This book is, in my opinion, a star to pick out of the sky.

Virtual bookshelves

The best part about social networks is how they allow us to keep in touch and to make great discoveries through our friends. Most of us have gotten to know a band or a movie because someone we know talked about them – and, well, sometimes we get out of spending some hours of our lives on something we wouldn’t like because we were advised not to read/watch/listen to whatever it was we originally intended to.

That is one of the best reasons to keep a virtual bookshelf. Our actual, made of wood or plastic, stuck-to-our-walls bookshelves are of course prettier and nicer to look at, but, much like websites for keeping track of tv shows watched, these social networks might help you control what you have read, what you are reading and what you want to read while looking at what your friends themselves are reading. Another positive side to it is finding out about books you didn’t know or that perhaps never interested you: you can read reviews, meet people with a taste similar to yours or even, depending on the website, tell others that you would be quite delighted to receive a particular hardcover or paperback as a present.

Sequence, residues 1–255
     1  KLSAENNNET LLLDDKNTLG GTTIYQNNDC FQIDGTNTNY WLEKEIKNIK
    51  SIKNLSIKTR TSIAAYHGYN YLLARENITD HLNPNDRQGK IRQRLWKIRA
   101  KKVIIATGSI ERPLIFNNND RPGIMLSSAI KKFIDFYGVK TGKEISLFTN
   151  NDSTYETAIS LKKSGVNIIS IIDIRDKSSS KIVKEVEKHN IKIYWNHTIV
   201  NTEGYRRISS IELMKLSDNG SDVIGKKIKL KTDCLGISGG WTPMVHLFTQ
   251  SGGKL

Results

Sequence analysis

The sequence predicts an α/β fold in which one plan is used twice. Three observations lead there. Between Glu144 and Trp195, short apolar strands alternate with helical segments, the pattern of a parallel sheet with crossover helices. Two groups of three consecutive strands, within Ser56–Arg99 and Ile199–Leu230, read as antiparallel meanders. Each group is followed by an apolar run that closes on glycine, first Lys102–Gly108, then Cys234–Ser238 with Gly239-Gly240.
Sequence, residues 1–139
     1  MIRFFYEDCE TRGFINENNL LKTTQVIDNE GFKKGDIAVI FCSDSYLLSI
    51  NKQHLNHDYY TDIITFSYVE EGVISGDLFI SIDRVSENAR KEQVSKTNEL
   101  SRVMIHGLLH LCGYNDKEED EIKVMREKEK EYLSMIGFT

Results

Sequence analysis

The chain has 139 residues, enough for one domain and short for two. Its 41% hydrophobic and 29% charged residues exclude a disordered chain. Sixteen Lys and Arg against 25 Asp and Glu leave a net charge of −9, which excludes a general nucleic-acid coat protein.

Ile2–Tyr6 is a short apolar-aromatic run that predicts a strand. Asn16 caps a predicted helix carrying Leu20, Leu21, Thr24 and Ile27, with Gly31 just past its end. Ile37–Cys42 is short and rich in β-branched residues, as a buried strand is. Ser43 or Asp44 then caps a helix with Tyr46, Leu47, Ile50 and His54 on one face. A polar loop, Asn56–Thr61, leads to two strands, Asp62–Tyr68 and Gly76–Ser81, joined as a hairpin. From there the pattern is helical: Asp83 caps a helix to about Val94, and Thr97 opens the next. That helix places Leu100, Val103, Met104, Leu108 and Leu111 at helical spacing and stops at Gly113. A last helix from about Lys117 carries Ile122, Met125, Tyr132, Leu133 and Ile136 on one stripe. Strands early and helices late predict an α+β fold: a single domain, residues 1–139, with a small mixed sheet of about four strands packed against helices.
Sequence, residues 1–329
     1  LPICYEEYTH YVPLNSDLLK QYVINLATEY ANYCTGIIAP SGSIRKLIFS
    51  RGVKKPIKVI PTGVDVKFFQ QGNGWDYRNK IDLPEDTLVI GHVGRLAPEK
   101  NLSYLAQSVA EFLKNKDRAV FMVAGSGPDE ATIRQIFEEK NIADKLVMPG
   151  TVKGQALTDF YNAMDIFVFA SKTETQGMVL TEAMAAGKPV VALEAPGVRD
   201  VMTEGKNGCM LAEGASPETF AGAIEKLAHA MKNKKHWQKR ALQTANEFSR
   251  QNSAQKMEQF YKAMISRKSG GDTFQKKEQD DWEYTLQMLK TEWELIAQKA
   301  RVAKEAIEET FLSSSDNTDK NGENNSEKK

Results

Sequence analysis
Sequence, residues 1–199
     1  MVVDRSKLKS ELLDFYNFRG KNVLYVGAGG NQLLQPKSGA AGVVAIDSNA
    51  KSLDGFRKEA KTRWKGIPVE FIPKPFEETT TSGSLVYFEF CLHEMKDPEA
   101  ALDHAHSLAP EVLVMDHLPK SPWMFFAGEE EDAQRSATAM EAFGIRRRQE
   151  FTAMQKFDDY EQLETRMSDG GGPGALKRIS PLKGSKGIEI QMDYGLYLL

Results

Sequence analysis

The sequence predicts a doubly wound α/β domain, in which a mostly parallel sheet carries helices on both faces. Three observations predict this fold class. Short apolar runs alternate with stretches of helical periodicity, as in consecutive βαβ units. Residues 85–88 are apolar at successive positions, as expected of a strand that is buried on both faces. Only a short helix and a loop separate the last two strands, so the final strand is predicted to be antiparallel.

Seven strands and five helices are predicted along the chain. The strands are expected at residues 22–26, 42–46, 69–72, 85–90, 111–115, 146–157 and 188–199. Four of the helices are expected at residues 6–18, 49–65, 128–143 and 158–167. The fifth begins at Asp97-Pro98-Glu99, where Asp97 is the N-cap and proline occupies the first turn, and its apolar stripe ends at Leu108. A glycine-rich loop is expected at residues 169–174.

That said, I present you the virtual bookshelves that are, in my opinion, most interesting:

  1. Skoob – This is a Brazilian website and the first one I found out about. It’s brilliant to say the least. Very simple, organized and easy to use, it’s perfect for us who also read in Portuguese and want to add Brazilian or Portuguese literature to our lists. The only downsides are the fact that it has no version in English and that, for that reason, sometimes the user has to register a book (especially if not in Portuguese or English). I’m sticking to it, though, since it works just fine for me and some of my friends also have accounts on it. Here’s my bookshelf, in case you want to see it.
  2. Goodreads – First of all, I must admit that I love a good layout. Social networks and apps have to look good or they just won’t get me addicted. Goodreads not only seems to be the most organized and steady option for readers who don’t speak Portuguese, it seems to be the best of all these websites period. If I weren’t so happy on Skoob, I would most certainly migrate. The number of users (12 million, according to their website) reflects how thorough their website is when it comes to the book-sharing experience.
  3. WeRead – The best part of this one, as far as I’m concerned, is the possibility to read book previews from the website itself. It also seems well organized and steady, but, if I were to choose, I’d pick Goodreads.